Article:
83). in a single large drop. many targets. BLU-109/B and BLU-110/B tailcone. but can also fly off axis trajectories. the principal prerequisite being that the launch aircraft is equipped with a Mil-Std-1760 digital weapon station interface. with the GBU-38 (Mk. to engage targets to either side of the flight path. software changes are the only modification to the launch vehicle. The GBU-31 has been most widely used.in these roles low collateral damage is more important than lethal blast effect. It is expected that the GBU-38 will become a preferred weapon for battlefield interdiction. With this capability. Directly . At this time production of the JDAM encompasses the GBU-31 (Mk. The latter are dependent upon laser illumination. A heavy bomber carrying dozens of JDAMs can obliterate dozens of targets within a given footprint.84. A supersonic high altitude drop (F/A-22A) almost doubles range performance due to the much higher initial energy of the bomb. The catchcry for the laser guided bomb was one aircraft.in the JDAM era this becomes one aircraft. Clearance testing is required since the JDAM is aerodynamically different to the Mk-84/83/82 series slick bombs. Mk.The autonomous capability in the JDAM is without precedent and a key advantage of this weapon against laser guided bombs. GBU-32 (Mk.84/BLU109). many JDAMs. The US Navy has used the GBU32 and GBU-35 widely during the Afghan campaign. in practical terms this permits strikes only on clusters of targets and depends critically on operator proficiency. The JDAM has no such limitation. GBU-35 (BLU-110) models. Mk. each independently targeted.3. with some loss in range. battlefield interdiction and close air support roles (Afghanistan). While a good operator can pickle off bombs several seconds apart for a level medium altitude strike. The JDAM GCU module was sized from the outset to fit the internal volume of a Mk.82. at speeds up to Mach 1. one bomb. as each bomb can be independently preprogrammed before release.83. The weapon can be released from altitudes as high as 50 kft. and move the laser spot from aimpoint to aimpoint during an attack. as a result of which the aircraft can engage only one target at a time.82) in development with a planned 2004 IOC. primarily as a replacement for the GBU-10 in strategic strike (Serbia/Afghanistan). with medium altitude drops yielding standoff ranges of several nautical miles. with the sole limitation that the targets must be within the kinematic footprint of the weapon. an aircraft can pickle off multiple JDAMs almost simultaneously. Integration of the JDAM is relatively simple. The JDAM can fly a boresight trajectory similar to a ballistic drop. close air support and especially urban combat . Therefore. one target .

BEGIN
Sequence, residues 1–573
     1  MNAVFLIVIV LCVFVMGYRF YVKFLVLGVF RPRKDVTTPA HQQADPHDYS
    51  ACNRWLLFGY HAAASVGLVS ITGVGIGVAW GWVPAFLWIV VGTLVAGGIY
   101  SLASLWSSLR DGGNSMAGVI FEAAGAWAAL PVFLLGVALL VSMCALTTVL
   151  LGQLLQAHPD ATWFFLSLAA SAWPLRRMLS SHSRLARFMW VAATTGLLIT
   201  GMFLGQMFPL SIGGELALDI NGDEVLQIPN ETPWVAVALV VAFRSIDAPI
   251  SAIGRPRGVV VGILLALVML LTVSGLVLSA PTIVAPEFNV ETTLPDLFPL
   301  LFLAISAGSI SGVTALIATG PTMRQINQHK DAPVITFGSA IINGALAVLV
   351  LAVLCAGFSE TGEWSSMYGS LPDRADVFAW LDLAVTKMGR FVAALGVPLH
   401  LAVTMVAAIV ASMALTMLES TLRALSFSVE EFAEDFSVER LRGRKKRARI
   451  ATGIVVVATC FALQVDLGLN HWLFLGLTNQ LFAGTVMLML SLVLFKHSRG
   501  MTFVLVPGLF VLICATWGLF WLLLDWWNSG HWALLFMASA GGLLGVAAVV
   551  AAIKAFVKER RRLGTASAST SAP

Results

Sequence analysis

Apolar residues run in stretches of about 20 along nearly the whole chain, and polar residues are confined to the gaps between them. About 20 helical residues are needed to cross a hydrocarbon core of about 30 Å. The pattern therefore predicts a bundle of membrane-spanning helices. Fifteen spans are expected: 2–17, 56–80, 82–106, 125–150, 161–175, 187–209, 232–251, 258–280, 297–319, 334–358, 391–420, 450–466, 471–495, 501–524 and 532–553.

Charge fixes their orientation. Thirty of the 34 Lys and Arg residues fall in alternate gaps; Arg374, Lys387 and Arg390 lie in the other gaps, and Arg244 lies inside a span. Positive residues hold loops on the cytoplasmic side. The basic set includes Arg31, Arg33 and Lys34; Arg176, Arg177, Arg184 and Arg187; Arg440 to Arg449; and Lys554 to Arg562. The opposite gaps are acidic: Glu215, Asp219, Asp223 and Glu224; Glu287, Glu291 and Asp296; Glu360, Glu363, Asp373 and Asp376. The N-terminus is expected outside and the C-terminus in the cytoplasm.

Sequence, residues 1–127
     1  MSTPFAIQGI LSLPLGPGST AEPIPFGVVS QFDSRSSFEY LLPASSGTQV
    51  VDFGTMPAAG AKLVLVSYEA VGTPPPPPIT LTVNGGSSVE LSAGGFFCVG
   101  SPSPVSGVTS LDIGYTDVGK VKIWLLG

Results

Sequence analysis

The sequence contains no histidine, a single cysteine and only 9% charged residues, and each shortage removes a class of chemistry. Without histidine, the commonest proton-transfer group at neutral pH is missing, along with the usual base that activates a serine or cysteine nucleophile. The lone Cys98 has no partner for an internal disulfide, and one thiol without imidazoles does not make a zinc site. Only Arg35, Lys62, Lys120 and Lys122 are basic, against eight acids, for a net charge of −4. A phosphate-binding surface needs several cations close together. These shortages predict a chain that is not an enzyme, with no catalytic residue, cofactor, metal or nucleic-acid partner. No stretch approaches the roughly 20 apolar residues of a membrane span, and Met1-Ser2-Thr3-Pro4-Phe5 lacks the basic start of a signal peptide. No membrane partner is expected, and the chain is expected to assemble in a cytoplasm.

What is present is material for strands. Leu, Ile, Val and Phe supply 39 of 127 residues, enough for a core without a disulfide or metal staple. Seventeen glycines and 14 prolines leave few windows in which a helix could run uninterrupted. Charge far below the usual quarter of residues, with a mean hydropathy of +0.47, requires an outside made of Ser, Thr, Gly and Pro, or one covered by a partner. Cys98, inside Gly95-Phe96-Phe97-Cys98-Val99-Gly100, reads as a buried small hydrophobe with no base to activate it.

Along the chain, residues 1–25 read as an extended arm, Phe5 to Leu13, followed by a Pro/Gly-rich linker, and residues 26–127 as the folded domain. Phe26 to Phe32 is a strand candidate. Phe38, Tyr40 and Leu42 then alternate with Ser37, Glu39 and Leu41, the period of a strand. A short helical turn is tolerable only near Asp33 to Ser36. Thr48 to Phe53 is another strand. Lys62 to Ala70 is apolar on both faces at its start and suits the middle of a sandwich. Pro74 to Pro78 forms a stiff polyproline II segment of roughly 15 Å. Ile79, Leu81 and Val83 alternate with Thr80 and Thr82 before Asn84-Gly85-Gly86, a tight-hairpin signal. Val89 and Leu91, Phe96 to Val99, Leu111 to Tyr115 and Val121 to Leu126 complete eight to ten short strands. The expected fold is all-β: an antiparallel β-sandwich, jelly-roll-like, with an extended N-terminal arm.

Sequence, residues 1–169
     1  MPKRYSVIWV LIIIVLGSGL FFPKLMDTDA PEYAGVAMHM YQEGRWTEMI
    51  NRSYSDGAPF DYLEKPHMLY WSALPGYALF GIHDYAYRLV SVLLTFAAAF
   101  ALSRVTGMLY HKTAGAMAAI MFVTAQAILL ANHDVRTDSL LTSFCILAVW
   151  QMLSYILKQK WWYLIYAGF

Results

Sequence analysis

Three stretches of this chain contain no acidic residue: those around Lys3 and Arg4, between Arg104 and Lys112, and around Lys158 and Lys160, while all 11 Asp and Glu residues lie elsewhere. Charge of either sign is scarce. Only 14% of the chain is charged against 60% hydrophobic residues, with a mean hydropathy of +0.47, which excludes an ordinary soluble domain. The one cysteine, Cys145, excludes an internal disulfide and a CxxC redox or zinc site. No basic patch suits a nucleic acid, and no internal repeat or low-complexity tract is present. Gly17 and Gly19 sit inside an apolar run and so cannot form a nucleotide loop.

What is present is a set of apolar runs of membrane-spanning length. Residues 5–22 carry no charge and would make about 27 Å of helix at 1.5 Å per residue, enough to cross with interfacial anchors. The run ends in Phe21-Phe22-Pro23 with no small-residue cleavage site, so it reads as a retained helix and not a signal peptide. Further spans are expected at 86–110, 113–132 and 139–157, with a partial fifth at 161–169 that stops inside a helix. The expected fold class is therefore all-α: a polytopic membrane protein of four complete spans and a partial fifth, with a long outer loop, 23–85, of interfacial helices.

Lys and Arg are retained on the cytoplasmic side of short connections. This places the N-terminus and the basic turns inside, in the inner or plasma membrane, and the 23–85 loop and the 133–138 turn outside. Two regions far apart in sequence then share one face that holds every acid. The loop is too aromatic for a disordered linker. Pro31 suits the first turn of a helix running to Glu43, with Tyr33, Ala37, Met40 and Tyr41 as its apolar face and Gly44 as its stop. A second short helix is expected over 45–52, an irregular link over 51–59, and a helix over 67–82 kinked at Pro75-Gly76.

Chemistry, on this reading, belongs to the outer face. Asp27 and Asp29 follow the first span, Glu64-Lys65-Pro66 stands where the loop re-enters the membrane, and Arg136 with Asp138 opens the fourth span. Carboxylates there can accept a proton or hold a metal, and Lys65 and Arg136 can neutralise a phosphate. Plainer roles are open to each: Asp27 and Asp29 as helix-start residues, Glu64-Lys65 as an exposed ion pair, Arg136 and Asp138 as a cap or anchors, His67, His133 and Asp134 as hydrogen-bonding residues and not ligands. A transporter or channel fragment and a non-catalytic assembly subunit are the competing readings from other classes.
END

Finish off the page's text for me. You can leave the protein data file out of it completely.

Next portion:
One candidate is the use of platform referenced differential GPS. the bomb being often described as much less accurate than the widely used GBU-10/12 Paveway II weapons. without additional seekers installed.interchangable with the Mk. The baseline accuracy of the weapon cited in mid 1990s glossy brochures is a very pessimistic number. or medium to low altitude strikes using laser guided bombs. Inclement weather offered cover to a clever opponent. which arises as a result of the relative positions of satellites in the constellation a reciever can see at a given point in time and space. Where and when an unusually favourable constellation is seen. the GDOP error can be very low. based on worst case GPS accuracy for the period. The principal errors in bomb . the weapon has proven to be a robust replacement for the Paveway II. B-2A. the GDOP error increases or decreases. JDAM Accuracy and Jam Resistance The accuracy of the JDAM is frequently criticised. to achieve defacto precision accuracy. These force the bomb to acquire only a programmed constellation of satellites. F-111C and F-15E with formidable firepower. the US Air Force has generated predictions of GPS accuracy variations over a 24 hour cycle for targets of interest. which is relatively undemanding to implement since it involves only software changes to the aircraft and bomb embedded code (OFP). and GPS receiver operating code. The practice followed by the US Air Force since 1999 is to plan non-time critical strikes to fall into time periods of minimal GDOP for the target of interest. To date the JDAM has been used only in its basic configuration. B-1B. This argument is lame and not representative of more recent developments in technique and technology. The capability of the JDAM to punch through a solid cloudbase has revolutionised close air support and battlefield work. The US Air Force planned in the late 1990s a series of Product Improvement Program (PIP) incremental block upgrades to the JDAM guidance package. The JDAM has closed this strategic loophole forever. These computer models analyse an effect termed Geometrical Dilution Of Precision (GDOP). since historically such combat required either very low level strikes using dumb bombs. and GPS errors resulting can be a fraction of the textbook figure. the GBU-38 will provide aircraft like the B-52H. or areas of interest. Even with this limitation. but no details have been disclosed more recently as to which have been implemented to date. Since the 1999 Allied Force campaign. As the orbital positions of the satellites in time.82 slick.